Brandyn Hurd, an Idaho Department of Fish and Game senior conservation officer, takes video from a blind corner as fellow officers confront a hunter who illegally shot from Warm Springs Road west of Ketchum on Nov. 5, 2016.

BOISE — That buck or bull standing next to the road might be a tempting target, but it might not be what you think it is — it could be a very costly mistake.

Idaho Department of Fish and Game conservation officers deploy artificial simulated animals during hunting season to catch law-breaking hunters. The decoys are lifelike copies of deer, elk and other game species that look and act like the real thing.

“Officers watch the animal and respond if someone violates the law,” Fish and Game chief of enforcement Greg Wooten said in a statement. “This tool is extremely important in our effort to curtail illegal activity that is otherwise undetectable.”

Simulated animals are typically used in areas where there’s a history of spotlighting, trespassing and road hunting.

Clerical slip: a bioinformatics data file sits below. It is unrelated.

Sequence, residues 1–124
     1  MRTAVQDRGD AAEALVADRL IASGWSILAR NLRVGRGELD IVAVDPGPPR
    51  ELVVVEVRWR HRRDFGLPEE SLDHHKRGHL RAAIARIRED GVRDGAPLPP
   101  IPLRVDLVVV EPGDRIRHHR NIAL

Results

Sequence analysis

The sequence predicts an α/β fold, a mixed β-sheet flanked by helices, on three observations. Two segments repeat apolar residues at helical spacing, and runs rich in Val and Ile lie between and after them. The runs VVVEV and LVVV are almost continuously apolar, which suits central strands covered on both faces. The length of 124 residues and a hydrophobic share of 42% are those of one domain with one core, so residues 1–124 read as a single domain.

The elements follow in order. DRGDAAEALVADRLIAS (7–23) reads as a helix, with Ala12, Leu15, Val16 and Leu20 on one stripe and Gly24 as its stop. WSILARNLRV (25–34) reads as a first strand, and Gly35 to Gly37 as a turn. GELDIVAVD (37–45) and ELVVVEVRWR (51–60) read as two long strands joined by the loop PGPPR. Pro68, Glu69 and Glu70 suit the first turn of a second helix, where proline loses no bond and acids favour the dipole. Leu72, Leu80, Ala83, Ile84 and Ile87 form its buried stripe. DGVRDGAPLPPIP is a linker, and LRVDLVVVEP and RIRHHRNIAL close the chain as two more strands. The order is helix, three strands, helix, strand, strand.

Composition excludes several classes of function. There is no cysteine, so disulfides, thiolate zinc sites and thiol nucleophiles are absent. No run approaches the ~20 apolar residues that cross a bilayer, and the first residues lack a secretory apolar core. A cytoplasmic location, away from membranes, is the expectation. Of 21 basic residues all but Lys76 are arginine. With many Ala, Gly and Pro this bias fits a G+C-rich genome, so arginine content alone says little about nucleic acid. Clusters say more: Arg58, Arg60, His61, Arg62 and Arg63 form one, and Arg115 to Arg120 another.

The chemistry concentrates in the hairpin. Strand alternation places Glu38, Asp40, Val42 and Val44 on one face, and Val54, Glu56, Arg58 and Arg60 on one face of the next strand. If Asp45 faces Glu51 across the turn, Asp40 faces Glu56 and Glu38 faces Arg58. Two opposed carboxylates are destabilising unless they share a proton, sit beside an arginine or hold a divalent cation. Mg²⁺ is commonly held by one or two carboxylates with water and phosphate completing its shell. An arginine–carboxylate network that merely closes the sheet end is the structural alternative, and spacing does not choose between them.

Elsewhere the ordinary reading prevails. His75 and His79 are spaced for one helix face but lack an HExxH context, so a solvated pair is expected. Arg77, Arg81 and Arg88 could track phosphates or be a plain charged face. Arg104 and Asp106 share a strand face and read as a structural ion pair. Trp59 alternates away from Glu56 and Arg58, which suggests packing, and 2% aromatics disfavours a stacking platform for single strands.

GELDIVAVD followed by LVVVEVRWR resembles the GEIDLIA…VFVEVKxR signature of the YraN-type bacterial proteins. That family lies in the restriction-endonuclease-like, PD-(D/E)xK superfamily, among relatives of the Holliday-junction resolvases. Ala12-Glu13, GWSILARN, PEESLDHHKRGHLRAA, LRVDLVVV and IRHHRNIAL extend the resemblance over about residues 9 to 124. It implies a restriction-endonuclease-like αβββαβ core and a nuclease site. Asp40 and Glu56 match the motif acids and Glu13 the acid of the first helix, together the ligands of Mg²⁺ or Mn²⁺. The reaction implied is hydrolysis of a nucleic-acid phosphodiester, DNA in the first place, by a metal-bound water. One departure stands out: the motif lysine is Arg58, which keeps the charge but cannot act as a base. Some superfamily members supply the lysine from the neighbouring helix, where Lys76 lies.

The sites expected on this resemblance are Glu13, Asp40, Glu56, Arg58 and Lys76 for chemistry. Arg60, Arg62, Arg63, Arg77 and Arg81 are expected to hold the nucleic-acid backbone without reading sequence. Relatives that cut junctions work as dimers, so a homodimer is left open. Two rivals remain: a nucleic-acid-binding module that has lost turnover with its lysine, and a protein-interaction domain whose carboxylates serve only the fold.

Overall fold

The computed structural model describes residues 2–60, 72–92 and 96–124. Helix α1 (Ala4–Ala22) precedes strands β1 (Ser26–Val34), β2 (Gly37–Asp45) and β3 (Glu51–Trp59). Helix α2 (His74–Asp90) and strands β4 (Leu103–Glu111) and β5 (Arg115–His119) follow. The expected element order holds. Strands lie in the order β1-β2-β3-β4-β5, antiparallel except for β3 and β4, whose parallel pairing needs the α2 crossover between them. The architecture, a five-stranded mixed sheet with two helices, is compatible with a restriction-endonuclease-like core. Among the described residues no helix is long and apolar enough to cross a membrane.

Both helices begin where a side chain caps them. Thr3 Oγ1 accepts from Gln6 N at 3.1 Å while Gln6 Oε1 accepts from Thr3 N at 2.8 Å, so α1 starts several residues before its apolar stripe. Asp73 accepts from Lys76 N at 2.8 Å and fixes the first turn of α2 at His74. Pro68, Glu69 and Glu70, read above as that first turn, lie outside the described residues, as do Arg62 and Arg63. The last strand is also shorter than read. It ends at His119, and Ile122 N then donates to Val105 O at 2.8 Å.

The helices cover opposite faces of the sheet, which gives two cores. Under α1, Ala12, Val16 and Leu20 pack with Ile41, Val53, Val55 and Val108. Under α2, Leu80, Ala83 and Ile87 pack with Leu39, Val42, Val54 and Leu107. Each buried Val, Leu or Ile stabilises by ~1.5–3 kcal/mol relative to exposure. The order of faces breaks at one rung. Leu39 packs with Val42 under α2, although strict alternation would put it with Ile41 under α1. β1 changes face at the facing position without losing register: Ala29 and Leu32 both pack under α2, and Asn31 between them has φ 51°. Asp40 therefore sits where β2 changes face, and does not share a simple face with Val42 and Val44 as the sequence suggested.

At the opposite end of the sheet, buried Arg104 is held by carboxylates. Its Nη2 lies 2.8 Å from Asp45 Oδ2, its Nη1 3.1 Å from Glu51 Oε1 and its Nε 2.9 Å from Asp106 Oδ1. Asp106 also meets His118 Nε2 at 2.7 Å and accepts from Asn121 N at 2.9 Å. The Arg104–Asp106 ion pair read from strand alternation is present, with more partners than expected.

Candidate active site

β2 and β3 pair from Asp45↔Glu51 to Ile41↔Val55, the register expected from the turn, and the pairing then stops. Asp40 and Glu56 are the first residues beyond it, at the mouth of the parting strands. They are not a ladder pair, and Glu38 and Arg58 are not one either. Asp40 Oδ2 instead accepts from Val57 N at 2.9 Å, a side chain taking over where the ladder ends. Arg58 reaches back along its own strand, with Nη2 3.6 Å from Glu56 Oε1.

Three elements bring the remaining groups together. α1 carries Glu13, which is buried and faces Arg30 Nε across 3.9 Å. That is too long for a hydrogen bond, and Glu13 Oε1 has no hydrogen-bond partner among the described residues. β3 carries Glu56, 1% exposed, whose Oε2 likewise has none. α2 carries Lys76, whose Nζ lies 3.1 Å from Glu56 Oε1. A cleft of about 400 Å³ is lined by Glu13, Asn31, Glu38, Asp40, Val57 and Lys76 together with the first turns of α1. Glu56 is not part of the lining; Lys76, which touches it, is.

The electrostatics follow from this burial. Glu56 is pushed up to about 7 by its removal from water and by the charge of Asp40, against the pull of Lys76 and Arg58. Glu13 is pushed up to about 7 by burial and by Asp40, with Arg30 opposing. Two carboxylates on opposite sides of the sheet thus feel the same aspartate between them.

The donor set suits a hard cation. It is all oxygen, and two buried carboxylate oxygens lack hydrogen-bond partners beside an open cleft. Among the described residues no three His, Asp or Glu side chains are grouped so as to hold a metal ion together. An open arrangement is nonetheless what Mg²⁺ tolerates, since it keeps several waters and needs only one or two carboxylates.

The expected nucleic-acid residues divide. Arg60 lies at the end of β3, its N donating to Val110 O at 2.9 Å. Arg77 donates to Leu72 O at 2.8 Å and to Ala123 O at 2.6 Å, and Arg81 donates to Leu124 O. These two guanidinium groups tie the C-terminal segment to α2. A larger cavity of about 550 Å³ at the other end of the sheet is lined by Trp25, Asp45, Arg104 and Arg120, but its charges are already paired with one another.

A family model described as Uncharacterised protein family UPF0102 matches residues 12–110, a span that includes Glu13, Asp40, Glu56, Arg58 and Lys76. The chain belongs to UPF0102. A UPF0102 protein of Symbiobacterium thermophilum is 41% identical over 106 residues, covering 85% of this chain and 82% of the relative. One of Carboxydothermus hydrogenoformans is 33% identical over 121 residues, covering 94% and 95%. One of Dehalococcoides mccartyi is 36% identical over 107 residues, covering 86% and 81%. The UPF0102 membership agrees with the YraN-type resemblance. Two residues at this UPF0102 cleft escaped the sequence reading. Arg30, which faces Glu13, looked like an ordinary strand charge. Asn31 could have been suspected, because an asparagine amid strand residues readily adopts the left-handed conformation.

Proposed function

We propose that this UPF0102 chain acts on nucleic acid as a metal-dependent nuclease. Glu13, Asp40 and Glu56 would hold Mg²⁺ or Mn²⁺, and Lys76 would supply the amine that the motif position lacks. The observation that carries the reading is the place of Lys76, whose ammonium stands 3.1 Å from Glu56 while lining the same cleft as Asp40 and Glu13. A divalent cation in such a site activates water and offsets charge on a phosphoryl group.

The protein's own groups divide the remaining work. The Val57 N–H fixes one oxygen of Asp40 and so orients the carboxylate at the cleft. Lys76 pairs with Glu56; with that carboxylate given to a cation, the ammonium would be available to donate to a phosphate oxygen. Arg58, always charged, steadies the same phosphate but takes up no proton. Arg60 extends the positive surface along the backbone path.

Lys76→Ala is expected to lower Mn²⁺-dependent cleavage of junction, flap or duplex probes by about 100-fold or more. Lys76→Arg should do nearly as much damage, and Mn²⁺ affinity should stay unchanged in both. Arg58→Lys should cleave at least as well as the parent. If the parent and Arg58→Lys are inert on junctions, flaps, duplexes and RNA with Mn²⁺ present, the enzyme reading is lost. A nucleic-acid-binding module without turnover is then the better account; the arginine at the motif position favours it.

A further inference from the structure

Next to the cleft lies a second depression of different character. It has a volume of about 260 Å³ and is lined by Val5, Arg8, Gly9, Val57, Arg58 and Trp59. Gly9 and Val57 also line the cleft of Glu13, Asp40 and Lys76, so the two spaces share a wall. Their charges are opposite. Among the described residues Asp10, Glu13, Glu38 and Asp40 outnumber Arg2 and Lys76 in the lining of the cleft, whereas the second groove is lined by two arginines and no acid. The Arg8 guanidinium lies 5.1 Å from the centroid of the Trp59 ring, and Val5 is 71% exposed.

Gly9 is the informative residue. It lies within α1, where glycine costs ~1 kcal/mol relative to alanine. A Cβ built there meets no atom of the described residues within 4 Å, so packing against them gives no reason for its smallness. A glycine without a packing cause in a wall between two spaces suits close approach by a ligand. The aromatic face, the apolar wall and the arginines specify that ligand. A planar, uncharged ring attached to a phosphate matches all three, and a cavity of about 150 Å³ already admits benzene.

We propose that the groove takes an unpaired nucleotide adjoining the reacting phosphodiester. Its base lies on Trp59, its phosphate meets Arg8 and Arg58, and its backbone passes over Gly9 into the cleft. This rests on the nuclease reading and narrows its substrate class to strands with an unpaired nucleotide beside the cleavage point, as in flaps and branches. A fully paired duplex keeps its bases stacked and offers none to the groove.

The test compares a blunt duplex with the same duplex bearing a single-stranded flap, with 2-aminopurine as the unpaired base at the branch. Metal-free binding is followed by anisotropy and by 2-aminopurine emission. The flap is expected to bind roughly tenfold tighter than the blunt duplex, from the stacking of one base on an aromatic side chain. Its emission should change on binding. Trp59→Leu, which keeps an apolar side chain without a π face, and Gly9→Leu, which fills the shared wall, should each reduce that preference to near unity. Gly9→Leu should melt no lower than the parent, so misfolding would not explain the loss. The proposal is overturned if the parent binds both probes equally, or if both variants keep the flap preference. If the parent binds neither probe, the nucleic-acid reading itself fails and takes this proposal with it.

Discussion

“This is similar to other law enforcement agencies watching an intersection based on reports of frequent instances of failing to stop at a stop sign or monitoring speed compliance using radar,” Wooten added.

Anyone found guilty of shooting an artificial animal may lose their license, face a fine of up to $1,000 and receive a possible jail sentence of up to six months. There is also a $50 minimum restitution penalty for shooting an artificial simulated animal to help maintain the decoys.

That’s not all. Officers can also cite people for shooting from a road, trespassing, shooting from a motorized vehicle and other related infractions that can increase penalties and fines.

Although they’re not really an animal, judges across the country have upheld the use of decoys. Judges and prosecutors typically treat those cases the same as shooting real animals.

More than 48 states and several Canadian provinces have been using artificial animals since the late 1980s.

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